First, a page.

The Home Alone franchise is a holiday classic. The interesting thing about the Home Alone franchise is that when it comes down to it, the films are about a lonely, neglected child who takes out his anger on criminals by hurting them. A lot. I’m not trying to be a joy kill. I watch these movies every year and I find them hilarious. But I’ve always wondered, why are these movies so funny? Why have these movies been so successful? Why is Kevin such a little jerk?
In case you’ve been living under a rock and haven’t seen Home Alone yet, the movie is about an 8-year-old Kevin, the youngest of five children who is accidentally left behind on a family trip to France during the winter holidays. Two criminals, played by Joe Pesci and Daniel Stern, try to break into the family home while everyone is away. Using strangely hilarious and creatively violent traps, Kevin stops the robbers.
The plot of Home Alone 2 is fairly similar. We once again find Kevin alone for the holidays. This time our little hero loses his family in the airport. While Kevin ends up in beautiful New York, his family flies to Florida. And boy, does Kevin live it up in NYC! He stays at the Plaza hotel, eats tons of ice cream, and watches mobster movies. Just once I hope we can all enjoy ourselves as much as Kevin enjoys himself during these movies.
The thing is Kevin is less of a jerk in the first Home Alone film. There are more scenes that humanize Kevin and garner sympathy for him. For example, we watch Kevin ask Santa to bring his family back. We see Kevin go to church to hear a Christmas choir. Kevin even peers longingly through his neighbor’s windows during a family gathering. He tries to defend himself without hurting the robbers. It’s only after hiding and trying to fool the robbers into thinking people are home that Kevin builds an elaborate torture chamber for the robbers to fall victim to.
I counted 14 ways that Kevin tries to kill the robbers in the original Home Alone. Some of his more sadistic methods include dropping a hot iron onto the robber’s head, planting a nail for the robbers to step on, and famously burning the robber’s head with a blow torch.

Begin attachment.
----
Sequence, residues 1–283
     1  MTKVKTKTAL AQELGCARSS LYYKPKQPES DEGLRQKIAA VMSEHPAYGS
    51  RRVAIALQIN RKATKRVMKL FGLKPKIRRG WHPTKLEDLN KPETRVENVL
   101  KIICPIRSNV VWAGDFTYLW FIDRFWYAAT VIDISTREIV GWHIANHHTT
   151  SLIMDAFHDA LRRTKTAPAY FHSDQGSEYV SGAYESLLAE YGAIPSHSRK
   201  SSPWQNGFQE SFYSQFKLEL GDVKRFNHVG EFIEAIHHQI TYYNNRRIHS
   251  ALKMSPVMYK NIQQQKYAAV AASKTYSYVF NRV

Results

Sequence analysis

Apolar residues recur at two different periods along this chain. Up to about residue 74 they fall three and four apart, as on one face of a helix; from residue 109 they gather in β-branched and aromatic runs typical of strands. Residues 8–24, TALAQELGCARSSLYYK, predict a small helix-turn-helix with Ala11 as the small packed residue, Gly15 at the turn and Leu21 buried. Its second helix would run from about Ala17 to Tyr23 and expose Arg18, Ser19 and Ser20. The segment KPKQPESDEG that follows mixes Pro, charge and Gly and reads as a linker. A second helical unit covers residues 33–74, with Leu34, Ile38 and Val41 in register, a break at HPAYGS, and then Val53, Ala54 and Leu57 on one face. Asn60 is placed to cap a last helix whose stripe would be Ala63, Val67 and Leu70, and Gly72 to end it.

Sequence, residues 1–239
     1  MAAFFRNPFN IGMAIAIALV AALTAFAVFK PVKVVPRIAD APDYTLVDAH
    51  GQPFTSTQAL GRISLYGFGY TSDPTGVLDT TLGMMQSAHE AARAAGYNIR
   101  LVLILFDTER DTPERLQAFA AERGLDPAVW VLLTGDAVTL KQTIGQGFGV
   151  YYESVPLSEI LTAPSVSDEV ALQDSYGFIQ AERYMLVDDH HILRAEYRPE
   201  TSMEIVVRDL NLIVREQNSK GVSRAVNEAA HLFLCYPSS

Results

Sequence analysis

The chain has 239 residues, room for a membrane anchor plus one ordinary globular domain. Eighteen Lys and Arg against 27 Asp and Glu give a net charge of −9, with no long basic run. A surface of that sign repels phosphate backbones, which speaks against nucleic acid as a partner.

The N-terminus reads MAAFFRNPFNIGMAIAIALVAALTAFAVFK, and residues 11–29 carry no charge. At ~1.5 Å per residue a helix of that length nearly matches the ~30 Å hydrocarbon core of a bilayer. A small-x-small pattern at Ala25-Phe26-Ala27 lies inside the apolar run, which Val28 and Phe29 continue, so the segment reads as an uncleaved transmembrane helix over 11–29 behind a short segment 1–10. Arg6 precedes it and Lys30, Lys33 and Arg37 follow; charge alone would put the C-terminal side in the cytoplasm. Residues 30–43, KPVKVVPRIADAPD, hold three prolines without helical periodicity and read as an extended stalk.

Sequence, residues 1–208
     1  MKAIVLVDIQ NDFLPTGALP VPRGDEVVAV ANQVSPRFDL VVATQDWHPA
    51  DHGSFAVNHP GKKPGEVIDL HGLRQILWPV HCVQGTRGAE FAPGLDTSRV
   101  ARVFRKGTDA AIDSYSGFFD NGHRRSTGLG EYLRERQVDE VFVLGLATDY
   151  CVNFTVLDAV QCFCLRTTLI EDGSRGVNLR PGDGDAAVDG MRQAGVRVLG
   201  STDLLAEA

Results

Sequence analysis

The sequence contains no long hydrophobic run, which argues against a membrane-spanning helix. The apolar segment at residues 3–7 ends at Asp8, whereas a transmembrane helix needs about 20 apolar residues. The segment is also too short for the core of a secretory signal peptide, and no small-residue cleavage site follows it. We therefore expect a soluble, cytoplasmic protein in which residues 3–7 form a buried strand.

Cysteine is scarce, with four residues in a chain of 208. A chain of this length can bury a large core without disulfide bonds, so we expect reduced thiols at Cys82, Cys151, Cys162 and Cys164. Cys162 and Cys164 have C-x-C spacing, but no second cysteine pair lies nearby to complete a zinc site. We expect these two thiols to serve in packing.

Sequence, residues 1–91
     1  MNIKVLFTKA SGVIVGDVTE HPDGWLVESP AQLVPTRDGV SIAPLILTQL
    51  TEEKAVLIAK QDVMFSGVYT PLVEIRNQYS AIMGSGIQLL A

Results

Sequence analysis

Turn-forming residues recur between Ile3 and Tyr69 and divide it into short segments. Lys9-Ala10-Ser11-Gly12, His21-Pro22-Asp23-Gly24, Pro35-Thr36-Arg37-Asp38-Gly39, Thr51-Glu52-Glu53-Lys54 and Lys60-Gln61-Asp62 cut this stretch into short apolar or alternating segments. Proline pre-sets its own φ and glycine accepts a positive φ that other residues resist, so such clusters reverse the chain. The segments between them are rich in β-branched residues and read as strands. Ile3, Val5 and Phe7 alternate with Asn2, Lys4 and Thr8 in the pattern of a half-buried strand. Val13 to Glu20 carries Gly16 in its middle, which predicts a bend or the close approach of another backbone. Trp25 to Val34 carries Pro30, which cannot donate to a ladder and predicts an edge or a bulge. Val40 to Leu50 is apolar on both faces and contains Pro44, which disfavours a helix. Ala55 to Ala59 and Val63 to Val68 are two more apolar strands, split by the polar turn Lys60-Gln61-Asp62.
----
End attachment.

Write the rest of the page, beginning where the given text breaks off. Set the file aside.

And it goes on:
What I want to know is how cute little Kevin thought up schemes so violent they could have been in the Saw horror movies. I think that perhaps (without getting too deep), it has something to do with the way in which Kevin decides to stop being afraid. In a pivotal scene, Kevin says, “I’m not afraid. I’m the man of the house!” And all at once, we’ve lost nice, emotional, thinking, feeling Kevin. With this statement, he’s internalized toxic masculinity. Instead of being afraid, Kevin decides to get angry, to strike back at the robbers and become violent. Kevin believes that in order to be a man, one must be aggressive.
In Home Alone 2, Kevin is even more violent and we see less of the emotional Kevin from the first Home Alone. Here, we watch Kevin living it up in luxury until he decides to once again punish the robbers. This time Kevin ups the ante. While he still sets approximately 14 traps for the robbers, these traps are even more alarming. This time around, Kevin throws bricks at the robbers’ heads, pierces the robbers with nail guns, and even electrocutes them. At the end of Home Alone 2, I couldn’t help but think of Kevin’s uncle Frank’s words: “Look what you did you little jerk!”
Still, I hope we can all acknowledge the genius and comedy of these films. At their best, they bring us Kevin, a boy bringing forth justice in all of his baby-faced cuteness. But let’s not forget that at his worst Kevin is a little monster who purposefully tries, over and over again, to murder some robbers. Ah, the duality of the ages! A duality which just happens to match the sentiments most people have about the winter holidays. We love our families but boy do we just want to be home alone sometimes, messing with some robbers.
Hope you had a happy holiday, you filthy animals!